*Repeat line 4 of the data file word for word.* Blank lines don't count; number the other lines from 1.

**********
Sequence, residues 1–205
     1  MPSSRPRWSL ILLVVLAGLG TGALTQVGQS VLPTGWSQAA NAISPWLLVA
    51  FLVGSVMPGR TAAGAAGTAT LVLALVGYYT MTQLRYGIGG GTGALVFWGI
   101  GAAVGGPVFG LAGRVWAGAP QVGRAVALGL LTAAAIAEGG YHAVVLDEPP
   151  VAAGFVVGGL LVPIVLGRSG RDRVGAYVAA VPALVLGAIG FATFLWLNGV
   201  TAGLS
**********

   101  GAAVGGPVFG LAGRVWAGAP QVGRAVALGL LTAAAIAEGG YHAVVLDEPP